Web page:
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Wilmots Create “Crosby’s Fund” in Son’s Honor

At just 13 months old, Crosby Wilmot was diagnosed with neuroblastoma, a rare cancer of the sympathetic nervous system Crosby Wilmotthat accounts for half of cancers diagnosed in infants. By the time of diagnosis, the disease has already spread throughout most children’s bodies. The same was true for Crosby, who bravely battled for 11 months.

He passed away on August 4, 2011, just one month shy of his second birthday. Crosby’s spirit, however, continues to live on in many ways and has been honored by his family with the creation of Crosby’s Fund, a local philanthropic initiative, through the James P. Wilmot Cancer Center and Golisano Children’s Hospital at the University of Rochester Medical Center (URMC), that funds research in childhood cancer, with a focus on neuroblastoma.

“Crosby spent 85 percent of his illness in the hospital,” said Zoe Wilmot, Crosby’s mother. “We knew when he relapsed that we would want to one day help raise money for neuroblastoma research.”

Crosby WilmotIn order to raise the significant level of funds that would be required to finance research, Crosby’s parents, Kevin and Zoe Wilmot, have made Crosby’s Fund a part of community events, including George Eastman House’s PhotoFinish 5k and Rochester’s Midtown Athletic Club’s Ultimate Xtreme Challenge. They also promote giving through social media sites, such as Crowdrise, an online fundraising site.

Crosby’s Fund has raised a total of nearly $500,000, with $250,000 coming from the first year of participating in the PhotoFinish 5k in 2011. “It is amazing to see how many people get involved and simply want to help,” Zoe said.

Determined to make the largest impact with the funds raised, Crosby’s family met with many doctors, researchers, and administrators from Strong Memorial Hospital, the Wilmot Cancer Center, and Golisano Children’s Hospital at URMC. Their efforts led them to Nina F. Schor, M.D., Ph.D., William H. Eilinger Chair of Pediatrics and pediatrician-in-chief of Golisano Children’s Hospital. Schor is nationally known for her research in neuroblastoma and leads the Laboratory for Pre-clinical Neuropharmacology, a lab funded by William H. Eilinger Endowment (and, now, the Crosby Wilmot Fund for Pediatric Cancer Research.) The lab focuses particularly on research of drugs to target neuroblastoma cells and their resistance to chemotherapy.

“We were excited to find someone who was as excited about neuroblastoma research as we are,” Zoe said.

“Only 1 or 2 in 10,000 children develop cancer of any kind,” Schor said. “For this reason, when finances are so limited, funding for childhood cancer is very low compared to that of adult cancer and, therefore, depends more and more heavily on foundations, like Crosby’s Fund, that specifically fund childhood cancer research.”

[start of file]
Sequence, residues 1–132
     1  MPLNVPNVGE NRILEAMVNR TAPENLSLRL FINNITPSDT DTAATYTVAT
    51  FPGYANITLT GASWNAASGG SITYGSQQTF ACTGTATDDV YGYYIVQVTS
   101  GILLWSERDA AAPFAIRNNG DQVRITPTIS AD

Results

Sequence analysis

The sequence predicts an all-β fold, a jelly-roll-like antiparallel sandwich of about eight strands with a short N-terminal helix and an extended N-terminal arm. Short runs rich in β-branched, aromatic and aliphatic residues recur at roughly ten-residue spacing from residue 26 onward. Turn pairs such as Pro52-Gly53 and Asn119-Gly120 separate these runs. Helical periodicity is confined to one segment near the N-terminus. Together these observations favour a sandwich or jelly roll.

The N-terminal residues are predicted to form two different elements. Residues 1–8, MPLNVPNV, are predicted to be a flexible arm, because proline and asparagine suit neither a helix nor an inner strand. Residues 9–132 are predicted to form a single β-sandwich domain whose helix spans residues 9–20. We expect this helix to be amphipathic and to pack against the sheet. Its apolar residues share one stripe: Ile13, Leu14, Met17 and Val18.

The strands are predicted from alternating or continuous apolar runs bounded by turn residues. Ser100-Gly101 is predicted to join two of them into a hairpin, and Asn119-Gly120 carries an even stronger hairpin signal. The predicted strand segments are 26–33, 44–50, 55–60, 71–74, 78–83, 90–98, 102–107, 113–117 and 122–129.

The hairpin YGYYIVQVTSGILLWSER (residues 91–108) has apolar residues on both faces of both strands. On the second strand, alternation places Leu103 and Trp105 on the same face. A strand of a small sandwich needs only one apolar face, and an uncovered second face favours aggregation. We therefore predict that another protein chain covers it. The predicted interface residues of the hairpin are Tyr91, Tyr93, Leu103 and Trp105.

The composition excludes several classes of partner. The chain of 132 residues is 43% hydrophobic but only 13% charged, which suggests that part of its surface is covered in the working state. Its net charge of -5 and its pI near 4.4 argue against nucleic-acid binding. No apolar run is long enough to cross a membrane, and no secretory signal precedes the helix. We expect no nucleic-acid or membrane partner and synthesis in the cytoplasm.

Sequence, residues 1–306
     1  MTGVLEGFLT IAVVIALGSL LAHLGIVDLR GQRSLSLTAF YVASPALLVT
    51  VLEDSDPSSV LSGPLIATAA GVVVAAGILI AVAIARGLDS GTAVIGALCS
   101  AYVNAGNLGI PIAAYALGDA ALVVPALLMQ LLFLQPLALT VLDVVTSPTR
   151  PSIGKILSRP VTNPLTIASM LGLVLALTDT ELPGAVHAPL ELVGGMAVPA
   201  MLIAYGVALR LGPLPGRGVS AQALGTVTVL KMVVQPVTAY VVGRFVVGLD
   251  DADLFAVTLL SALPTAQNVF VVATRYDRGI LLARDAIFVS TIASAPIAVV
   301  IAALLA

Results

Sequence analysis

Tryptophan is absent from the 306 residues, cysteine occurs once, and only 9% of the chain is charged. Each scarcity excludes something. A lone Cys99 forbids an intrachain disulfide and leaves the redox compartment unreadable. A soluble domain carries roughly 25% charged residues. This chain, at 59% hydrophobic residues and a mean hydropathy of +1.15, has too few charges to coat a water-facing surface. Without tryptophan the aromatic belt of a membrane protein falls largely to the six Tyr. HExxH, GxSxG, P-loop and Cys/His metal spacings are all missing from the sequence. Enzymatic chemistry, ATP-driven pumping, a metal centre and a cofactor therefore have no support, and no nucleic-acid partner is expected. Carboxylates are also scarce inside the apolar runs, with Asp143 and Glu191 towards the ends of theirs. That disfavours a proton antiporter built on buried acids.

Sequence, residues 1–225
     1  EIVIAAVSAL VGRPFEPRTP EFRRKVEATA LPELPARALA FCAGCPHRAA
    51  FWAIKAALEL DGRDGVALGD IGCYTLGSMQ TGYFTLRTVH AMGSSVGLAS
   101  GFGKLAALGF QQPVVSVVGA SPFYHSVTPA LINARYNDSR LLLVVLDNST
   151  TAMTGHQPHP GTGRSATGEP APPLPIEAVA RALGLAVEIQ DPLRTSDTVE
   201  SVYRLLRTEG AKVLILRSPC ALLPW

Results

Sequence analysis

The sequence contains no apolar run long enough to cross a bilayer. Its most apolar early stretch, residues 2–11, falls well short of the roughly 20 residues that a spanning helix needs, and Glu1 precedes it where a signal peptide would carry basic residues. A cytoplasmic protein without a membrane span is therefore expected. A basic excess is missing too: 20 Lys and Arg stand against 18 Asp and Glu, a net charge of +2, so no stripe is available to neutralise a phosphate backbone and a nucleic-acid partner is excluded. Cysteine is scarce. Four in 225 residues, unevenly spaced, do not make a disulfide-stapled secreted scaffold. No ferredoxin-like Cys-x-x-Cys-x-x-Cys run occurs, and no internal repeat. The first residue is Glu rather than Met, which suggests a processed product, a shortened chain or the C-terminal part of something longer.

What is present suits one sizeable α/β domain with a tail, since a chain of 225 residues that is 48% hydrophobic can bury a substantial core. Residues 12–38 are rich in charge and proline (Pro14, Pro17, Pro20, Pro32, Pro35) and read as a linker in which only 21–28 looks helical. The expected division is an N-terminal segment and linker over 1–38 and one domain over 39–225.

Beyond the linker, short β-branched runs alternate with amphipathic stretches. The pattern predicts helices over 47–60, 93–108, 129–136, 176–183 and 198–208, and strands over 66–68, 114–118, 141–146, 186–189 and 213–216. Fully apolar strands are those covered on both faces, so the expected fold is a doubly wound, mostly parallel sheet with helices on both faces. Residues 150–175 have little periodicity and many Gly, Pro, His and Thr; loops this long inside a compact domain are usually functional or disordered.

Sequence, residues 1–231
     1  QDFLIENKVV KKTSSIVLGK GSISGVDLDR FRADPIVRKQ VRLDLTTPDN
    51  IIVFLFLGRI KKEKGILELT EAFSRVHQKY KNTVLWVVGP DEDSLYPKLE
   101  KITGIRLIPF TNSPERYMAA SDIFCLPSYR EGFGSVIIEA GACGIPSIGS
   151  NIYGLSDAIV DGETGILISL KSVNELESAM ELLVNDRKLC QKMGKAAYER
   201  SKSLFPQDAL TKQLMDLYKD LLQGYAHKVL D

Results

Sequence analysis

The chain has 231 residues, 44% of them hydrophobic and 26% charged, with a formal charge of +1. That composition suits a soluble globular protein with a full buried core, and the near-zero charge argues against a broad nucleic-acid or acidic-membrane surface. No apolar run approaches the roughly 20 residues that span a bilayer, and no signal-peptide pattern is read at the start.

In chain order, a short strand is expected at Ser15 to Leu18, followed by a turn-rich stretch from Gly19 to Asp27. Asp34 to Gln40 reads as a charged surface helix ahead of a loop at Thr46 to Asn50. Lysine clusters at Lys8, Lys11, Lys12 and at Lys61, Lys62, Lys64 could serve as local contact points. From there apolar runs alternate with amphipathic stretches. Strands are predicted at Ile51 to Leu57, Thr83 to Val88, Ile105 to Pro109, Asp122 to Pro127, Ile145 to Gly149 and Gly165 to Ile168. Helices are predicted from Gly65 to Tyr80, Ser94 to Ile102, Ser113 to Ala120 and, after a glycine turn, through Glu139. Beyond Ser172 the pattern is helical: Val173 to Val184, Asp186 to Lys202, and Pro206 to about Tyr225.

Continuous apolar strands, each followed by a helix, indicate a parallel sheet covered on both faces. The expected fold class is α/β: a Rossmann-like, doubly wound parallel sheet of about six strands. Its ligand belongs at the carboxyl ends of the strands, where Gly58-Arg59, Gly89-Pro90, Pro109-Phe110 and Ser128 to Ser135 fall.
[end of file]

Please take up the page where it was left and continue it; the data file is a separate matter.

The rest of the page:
With the support of Crosby’s Fund, Schor was able to recently expand her lab and hire Xingguo Li, Ph.D., as a research assistant professor. Li’s research is focused on the Sine Oculis Homeobox (SIX) family of proteins that play a large role in cell proliferation and growth in healthy cells and in many cancer cells, including neuroblastoma.

The researchers hope to use the proteins to differentiate enough between normal cells and tumor cells so that they could aim a drug to kill only tumor cells, without harming the normal cells.

In addition to supporting Li’s position, Crosby’s Fund also finances a seed grant focused on neuroblastoma. The grant was recently awarded to Mark Noble, Ph.D., professor of neurology, genetics, neurobiology, and anatomy and director of the University of Rochester Stem Cell and Regenerative Medicine Institute. He is one of the pioneers of stem cell research and directs research on a number of topics, including cancer. With the award, Noble will develop new research that he hopes will prove competitive for future NIH funding.  The seed grant had Jan. 1, 2013, start date for funding, with $50,000 of backing possible for the first year.

“We heard the message over and over again when we were in the hospital that there is not enough money for pediatric cancer research,” Zoe said. “We feel that we owe it to Crosby and all of the other kids that aren’t getting the research to make a difference for them and, hopefully, one day find a cure.”

To find out how you can support Crosby’s Fund, or how to create your own fund, please contact Scott Rasmussen, assistant VP for URMC Advancement, at (585) 273-5932.